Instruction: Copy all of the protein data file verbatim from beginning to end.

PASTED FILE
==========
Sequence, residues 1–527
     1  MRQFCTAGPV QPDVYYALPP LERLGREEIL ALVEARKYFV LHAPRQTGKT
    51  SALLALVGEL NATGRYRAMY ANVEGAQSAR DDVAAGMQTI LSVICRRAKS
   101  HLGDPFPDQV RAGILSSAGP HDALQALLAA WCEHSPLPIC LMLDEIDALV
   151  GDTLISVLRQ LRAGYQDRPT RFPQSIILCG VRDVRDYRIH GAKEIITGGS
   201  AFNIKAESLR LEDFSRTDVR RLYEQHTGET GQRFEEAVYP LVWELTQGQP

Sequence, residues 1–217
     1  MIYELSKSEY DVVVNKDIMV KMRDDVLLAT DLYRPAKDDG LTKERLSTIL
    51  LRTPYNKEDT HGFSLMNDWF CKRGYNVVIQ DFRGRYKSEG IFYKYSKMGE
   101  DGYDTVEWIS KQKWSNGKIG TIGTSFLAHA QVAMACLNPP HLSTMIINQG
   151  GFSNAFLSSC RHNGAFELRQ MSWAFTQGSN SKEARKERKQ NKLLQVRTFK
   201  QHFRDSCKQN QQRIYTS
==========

Sequence, residues 1–527
     1  MRQFCTAGPV QPDVYYALPP LERLGREEIL ALVEARKYFV LHAPRQTGKT
    51  SALLALVGEL NATGRYRAMY ANVEGAQSAR DDVAAGMQTI LSVICRRAKS
   101  HLGDPFPDQV RAGILSSAGP HDALQALLAA WCEHSPLPIC LMLDEIDALV
   151  GDTLISVLRQ LRAGYQDRPT RFPQSIILCG VRDVRDYRIH GAKEIITGGS
   201  AFNIKAESLR LEDFSRTDVR RLYEQHTGET GQRFEEAVYP LVWELTQGQP

Sequence, residues 1–217
     1  MIYELSKSEY DVVVNKDIMV KMRDDVLLAT DLYRPAKDDG LTKERLSTIL
    51  LRTPYNKEDT HGFSLMNDWF CKRGYNVVIQ DFRGRYKSEG IFYKYSKMGE
   101  DGYDTVEWIS KQKWSNGKIG TIGTSFLAHA QVAMACLNPP HLSTMIINQG
   151  GFSNAFLSSC RHNGAFELRQ MSWAFTQGSN SKEARKERKQ NKLLQVRTFK
   201  QHFRDSCKQN QQRIYTS